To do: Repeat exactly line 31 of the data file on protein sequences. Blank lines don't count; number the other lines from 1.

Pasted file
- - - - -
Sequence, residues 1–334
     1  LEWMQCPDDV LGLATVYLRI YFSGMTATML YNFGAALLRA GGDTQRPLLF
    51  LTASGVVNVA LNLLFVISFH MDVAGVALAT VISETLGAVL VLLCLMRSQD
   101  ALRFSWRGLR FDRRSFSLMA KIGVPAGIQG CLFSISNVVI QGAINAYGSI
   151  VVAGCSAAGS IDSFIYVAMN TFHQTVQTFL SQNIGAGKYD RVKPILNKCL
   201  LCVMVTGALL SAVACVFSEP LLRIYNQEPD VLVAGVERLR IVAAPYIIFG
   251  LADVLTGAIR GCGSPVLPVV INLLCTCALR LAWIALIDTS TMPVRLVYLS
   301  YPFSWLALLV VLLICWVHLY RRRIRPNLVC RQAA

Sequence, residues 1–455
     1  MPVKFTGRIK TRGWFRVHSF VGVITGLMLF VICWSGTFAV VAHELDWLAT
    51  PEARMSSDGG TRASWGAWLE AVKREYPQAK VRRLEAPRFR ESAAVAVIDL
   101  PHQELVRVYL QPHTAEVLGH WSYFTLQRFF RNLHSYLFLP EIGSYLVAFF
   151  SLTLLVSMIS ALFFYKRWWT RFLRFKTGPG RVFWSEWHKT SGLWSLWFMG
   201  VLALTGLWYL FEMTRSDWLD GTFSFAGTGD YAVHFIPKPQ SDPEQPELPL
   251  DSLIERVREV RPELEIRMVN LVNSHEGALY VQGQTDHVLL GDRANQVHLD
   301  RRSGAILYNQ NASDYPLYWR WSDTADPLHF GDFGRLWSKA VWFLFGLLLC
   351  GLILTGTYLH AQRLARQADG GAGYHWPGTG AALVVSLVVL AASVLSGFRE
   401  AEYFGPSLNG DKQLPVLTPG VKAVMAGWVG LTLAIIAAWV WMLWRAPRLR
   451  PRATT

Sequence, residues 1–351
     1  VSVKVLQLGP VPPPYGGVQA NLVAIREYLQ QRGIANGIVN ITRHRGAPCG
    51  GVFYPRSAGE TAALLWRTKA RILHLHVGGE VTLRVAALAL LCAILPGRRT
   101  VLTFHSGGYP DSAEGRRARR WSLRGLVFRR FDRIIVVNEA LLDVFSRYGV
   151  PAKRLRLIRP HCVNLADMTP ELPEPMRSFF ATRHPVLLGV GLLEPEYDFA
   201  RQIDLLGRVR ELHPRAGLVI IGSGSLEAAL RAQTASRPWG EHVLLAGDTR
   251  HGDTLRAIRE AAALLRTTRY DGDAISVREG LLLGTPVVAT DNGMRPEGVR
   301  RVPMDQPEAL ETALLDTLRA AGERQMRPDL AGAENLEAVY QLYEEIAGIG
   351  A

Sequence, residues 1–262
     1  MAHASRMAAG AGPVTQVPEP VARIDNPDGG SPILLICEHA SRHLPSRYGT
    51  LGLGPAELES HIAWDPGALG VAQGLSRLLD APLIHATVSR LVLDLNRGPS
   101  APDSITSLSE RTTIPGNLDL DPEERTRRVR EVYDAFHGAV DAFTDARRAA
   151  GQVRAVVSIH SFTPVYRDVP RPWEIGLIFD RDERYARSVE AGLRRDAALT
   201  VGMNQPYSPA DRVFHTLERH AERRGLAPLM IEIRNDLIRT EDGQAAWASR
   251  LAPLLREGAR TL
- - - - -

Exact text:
    51  LGLGPAELES HIAWDPGALG VAQGLSRLLD APLIHATVSR LVLDLNRGPS